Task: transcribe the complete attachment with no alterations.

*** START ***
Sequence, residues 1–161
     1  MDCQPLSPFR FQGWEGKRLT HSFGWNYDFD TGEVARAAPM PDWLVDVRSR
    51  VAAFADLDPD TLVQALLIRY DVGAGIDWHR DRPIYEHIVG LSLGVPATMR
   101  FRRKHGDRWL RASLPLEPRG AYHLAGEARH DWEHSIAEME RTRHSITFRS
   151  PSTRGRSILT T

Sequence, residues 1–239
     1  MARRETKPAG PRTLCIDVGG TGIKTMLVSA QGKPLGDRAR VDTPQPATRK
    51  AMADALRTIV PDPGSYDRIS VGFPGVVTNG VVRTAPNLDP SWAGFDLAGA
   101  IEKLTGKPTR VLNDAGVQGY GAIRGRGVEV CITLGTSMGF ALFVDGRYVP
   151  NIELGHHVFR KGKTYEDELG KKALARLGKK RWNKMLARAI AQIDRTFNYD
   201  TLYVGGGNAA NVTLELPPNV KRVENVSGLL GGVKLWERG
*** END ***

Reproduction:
Sequence, residues 1–161
     1  MDCQPLSPFR FQGWEGKRLT HSFGWNYDFD TGEVARAAPM PDWLVDVRSR
    51  VAAFADLDPD TLVQALLIRY DVGAGIDWHR DRPIYEHIVG LSLGVPATMR
   101  FRRKHGDRWL RASLPLEPRG AYHLAGEARH DWEHSIAEME RTRHSITFRS
   151  PSTRGRSILT T

Sequence, residues 1–239
     1  MARRETKPAG PRTLCIDVGG TGIKTMLVSA QGKPLGDRAR VDTPQPATRK
    51  AMADALRTIV PDPGSYDRIS VGFPGVVTNG VVRTAPNLDP SWAGFDLAGA
   101  IEKLTGKPTR VLNDAGVQGY GAIRGRGVEV CITLGTSMGF ALFVDGRYVP
   151  NIELGHHVFR KGKTYEDELG KKALARLGKK RWNKMLARAI AQIDRTFNYD
   201  TLYVGGGNAA NVTLELPPNV KRVENVSGLL GGVKLWERG